A Quick Update on Jack

Well, I wanted to start each week with updates from listener Jack and his journey along the Appalachian Trail, but I have not yet heard from him this week and he hasn’t updated his trail journal.  He is about on track to be just beyond Neel’s Gap, which is about the only civilization in area except for a couple of towns he could hitch into if he got off trail, so he probably just hasn’t had the time to send us the updates.  Regardless, it is ridiculously cold out there right now, so I hope he has brought his winter gear with him.  I saw temps just yesterday at elevation of about -5 and wind chill of -15 to -20.  Stay warm Jack, and write in when you get a chance.

 

News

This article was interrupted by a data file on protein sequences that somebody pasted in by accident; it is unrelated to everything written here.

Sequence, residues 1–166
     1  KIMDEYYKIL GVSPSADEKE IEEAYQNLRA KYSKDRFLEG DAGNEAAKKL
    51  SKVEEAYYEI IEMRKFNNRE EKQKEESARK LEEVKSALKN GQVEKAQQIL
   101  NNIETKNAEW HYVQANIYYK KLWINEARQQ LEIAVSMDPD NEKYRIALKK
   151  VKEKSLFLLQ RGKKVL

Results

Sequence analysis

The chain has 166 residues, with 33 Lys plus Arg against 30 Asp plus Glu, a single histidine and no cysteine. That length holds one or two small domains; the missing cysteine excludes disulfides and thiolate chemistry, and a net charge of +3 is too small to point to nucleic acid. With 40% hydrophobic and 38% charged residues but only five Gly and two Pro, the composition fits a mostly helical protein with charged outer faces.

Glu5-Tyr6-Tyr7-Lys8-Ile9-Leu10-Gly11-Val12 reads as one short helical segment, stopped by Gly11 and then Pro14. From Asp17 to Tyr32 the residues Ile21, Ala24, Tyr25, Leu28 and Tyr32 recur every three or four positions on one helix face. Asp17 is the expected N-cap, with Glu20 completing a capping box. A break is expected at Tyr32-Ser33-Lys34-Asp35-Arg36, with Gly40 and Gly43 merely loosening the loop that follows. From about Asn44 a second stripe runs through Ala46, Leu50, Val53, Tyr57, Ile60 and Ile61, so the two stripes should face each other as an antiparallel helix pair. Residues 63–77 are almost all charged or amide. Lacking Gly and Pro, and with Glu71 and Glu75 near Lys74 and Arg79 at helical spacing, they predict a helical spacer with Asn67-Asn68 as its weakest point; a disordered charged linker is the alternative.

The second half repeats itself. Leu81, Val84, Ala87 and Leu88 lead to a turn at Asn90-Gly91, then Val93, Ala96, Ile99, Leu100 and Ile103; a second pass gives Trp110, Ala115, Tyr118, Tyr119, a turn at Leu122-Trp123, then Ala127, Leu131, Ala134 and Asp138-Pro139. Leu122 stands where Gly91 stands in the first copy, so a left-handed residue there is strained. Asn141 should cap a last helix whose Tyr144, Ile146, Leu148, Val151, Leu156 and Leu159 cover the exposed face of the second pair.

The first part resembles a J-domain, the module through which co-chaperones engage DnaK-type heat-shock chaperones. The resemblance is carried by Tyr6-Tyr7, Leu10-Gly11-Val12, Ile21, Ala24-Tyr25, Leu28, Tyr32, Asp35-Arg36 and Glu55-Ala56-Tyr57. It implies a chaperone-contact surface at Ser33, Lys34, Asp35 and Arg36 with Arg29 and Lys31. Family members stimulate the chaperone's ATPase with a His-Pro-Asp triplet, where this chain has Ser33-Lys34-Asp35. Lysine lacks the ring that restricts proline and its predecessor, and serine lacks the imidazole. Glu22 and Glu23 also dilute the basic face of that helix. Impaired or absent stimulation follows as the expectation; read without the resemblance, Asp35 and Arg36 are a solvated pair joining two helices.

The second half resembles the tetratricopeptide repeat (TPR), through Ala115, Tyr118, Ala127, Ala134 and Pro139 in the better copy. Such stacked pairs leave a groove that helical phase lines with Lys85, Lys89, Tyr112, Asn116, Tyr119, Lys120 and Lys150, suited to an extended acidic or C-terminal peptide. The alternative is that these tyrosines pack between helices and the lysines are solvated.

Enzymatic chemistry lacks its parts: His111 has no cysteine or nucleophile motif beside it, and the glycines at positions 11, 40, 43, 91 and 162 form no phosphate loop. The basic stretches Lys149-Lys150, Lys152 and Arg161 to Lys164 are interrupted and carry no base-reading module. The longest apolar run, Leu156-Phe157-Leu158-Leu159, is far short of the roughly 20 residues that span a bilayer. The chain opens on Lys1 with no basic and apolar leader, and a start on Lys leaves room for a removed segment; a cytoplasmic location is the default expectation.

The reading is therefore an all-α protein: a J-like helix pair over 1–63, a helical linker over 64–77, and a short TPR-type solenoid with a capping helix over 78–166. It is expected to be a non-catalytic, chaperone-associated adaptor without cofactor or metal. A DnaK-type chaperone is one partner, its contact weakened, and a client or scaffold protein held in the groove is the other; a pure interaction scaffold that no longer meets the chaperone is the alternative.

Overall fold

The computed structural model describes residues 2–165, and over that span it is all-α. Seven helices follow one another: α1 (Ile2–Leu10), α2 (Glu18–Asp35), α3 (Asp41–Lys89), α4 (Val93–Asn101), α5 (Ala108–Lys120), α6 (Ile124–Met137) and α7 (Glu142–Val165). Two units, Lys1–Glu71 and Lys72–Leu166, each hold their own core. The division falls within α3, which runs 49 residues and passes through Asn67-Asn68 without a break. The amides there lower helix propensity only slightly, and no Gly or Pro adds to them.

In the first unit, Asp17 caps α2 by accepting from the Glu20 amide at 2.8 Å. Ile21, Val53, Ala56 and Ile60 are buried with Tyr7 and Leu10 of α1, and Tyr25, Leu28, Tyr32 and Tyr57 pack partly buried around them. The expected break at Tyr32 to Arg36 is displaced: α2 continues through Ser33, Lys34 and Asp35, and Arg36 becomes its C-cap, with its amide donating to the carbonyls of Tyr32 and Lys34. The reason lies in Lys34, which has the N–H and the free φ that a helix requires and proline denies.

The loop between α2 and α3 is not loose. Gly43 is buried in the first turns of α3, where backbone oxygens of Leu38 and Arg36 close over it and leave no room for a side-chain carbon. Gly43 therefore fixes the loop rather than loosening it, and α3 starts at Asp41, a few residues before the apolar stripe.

1. I found a misleading news story last week that I thought was really cool until it turned out to be a little deceptive.  Supposedly, President Obama was going to be making a trip to the Smokies this week.  Cool!  I think that any country leader taking a trip to the mountains is a good thing.  If they get out there, theres a better chance they will take an interest in it and make sure the funding happens.  Let’s face it, not many of our country’s leaders have come out here since FDR did it more than sixty years ago.  Unfortunately, since there’s not really much in the way of swing voters around the Smokies, it’s unlikely to happen any time soon.  But…the news story seemed to suggest he was coming.  In reality, he was only stopping to the Knoxville area where he could “see” the Smokies.  It reminds me a little of the Sarah Palin bit on SNL where she said she could see Russia from her house.  Close, but not quite that close.  Anyway, the last political leader who took an interest in the mountains out this way.  Unfortunately, that was Mark Sanford, who was using an excuse of hiking the appalachian trail to cover for an affair with a mistress in Argentina.  Hmm…  Maybe we will get one out here on of these day.  So anyway, the story was picked up by several others and got some traction, so that’s why I included it here.